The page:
A massive housing construction bungle has rocked the Nelson Mandela Bay Municipality, with an explosive report detailing how an RDP project was built so badly that residents fear the houses are a deathtrap and engineers have warned they are unsafe.
About R17-million was spent on building 162 semidetached double-storey units in NU29, Motherwell, many of which will have to be completely rebuilt.
The report uncovered, among other things, that walls had shifted from their foundations, the wooden staircases were unsteady and the wooden floors between the two storeys were unstable.
And valves instead of taps were installed in bathrooms.
Some of the beneficiaries, who moved in between October and December, said they feared for their lives.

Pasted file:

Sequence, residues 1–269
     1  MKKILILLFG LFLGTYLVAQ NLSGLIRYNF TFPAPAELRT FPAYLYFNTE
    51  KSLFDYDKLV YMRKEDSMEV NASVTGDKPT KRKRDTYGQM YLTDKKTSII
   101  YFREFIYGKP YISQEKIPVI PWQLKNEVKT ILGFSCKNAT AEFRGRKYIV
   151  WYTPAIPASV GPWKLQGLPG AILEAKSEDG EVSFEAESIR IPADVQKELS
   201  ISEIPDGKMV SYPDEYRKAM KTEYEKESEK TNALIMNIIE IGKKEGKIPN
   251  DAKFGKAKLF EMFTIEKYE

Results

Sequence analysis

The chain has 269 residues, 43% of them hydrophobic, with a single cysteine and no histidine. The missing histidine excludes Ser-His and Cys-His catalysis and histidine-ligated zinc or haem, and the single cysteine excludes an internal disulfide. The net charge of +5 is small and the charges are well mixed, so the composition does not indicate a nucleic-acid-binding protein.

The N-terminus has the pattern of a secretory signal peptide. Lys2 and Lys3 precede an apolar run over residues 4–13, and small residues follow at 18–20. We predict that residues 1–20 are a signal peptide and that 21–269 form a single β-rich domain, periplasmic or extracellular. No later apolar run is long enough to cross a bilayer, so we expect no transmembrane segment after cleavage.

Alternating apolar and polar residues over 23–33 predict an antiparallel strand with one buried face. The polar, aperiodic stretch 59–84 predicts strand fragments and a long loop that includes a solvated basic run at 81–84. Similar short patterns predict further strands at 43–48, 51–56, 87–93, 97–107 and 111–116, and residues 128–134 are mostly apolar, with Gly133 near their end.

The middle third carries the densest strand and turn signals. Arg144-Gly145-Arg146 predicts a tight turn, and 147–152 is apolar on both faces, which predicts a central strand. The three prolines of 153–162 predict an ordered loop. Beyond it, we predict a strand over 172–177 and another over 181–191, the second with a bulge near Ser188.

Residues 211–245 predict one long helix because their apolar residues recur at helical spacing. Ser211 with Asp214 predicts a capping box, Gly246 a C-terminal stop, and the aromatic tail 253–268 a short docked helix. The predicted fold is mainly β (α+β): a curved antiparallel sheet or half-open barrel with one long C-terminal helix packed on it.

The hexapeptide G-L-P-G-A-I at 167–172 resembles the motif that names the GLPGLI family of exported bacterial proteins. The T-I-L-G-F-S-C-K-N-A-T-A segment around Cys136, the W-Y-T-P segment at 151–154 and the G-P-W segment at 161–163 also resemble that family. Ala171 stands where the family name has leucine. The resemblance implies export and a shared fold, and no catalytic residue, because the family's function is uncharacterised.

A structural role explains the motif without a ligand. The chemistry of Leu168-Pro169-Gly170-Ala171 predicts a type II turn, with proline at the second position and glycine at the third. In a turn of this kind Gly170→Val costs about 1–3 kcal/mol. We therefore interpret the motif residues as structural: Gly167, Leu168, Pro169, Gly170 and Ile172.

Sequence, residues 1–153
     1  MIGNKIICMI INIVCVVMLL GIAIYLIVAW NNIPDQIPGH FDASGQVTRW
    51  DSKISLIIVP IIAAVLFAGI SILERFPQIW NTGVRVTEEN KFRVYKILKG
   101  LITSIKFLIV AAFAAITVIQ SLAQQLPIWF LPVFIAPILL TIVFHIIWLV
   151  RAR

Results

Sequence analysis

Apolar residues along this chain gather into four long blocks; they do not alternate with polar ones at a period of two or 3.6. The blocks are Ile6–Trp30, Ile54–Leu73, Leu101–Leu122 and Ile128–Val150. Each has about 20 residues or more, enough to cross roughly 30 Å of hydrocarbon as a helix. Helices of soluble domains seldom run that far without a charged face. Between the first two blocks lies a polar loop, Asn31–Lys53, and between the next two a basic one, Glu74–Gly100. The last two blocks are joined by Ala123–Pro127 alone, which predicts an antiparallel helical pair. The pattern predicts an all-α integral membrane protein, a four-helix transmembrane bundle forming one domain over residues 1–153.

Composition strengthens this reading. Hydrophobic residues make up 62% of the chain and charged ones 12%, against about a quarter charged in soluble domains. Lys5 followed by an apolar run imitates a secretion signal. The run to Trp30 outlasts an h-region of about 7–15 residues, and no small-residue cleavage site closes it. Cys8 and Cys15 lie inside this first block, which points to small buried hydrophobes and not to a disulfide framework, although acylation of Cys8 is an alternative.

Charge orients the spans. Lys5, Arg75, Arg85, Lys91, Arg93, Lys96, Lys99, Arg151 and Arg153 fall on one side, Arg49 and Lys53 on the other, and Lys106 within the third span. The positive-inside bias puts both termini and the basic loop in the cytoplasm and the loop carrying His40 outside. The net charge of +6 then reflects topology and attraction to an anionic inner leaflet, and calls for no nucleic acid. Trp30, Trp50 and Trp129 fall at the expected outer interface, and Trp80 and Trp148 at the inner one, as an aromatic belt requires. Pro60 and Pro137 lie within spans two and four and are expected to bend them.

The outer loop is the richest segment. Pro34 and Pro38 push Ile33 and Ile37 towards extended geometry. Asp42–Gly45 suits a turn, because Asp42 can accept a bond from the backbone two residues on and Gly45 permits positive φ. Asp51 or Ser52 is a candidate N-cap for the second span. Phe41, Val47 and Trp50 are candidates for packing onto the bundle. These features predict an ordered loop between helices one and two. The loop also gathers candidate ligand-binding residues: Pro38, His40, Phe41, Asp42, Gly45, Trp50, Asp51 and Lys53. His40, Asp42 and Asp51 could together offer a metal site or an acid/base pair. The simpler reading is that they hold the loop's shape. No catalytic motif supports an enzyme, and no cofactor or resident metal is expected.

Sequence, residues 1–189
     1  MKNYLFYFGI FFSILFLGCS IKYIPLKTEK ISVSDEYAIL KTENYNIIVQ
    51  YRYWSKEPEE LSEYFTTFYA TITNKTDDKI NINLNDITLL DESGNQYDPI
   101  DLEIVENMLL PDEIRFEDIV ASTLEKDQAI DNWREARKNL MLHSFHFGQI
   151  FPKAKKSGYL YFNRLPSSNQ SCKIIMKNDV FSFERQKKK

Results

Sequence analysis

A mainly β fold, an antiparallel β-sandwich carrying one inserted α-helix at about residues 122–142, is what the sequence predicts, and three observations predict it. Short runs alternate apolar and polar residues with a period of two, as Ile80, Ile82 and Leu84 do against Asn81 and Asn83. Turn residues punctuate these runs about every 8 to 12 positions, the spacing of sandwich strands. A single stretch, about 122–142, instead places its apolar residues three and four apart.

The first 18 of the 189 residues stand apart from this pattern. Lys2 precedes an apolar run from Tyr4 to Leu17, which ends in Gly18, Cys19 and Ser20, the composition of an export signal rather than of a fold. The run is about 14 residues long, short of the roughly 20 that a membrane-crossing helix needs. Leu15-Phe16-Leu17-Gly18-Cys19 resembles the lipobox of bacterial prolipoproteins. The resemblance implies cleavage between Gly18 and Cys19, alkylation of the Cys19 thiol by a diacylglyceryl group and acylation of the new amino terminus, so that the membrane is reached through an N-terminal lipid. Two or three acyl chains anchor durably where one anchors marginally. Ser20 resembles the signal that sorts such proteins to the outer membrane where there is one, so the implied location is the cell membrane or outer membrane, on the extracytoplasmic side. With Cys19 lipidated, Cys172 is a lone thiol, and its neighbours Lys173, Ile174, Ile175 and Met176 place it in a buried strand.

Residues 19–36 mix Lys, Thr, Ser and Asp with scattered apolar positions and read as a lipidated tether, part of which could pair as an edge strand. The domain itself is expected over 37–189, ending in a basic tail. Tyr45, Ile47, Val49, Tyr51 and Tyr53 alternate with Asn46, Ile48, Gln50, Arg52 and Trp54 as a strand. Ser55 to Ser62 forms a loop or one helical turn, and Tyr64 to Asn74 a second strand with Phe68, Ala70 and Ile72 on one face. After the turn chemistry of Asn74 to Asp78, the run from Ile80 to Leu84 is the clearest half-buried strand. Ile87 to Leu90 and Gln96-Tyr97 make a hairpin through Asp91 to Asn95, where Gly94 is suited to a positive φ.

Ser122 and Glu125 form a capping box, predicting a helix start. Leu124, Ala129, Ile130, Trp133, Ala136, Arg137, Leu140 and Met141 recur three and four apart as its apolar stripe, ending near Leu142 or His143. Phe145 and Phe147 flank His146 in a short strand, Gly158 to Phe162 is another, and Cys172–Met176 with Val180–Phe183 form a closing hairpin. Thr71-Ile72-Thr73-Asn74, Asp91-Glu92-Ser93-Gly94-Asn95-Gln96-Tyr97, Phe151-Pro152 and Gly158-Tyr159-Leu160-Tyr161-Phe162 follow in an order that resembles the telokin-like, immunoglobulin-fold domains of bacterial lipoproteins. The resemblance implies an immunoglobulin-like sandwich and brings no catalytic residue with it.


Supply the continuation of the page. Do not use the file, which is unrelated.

Wezekile Maseti, 47, said: “The wooden floors in the bedrooms upstairs are not stable and the doors have a huge gap.”
Nonkululeko Mgudleni, 56, said she was already collecting zinc sheets to build herself a shack in her backyard.
“The bedroom ceilings are cracked and there is a visible gap between the walls and the ceilings,” she said.
Nompumelelo Joyne, 58, said she had nearly broken her leg and arm when she fell down the loose stairs.
Lee-Ann Constable, 18, said they feared the foundation of their house could not handle a strong wind.
The metro’s political head of human settlements, Nqaba Bhanga, will have a meeting with the residents today to explain what went wrong with the project.
Mayor Athol Trollip said they would also be briefed on plans to move them so their houses could be fixed.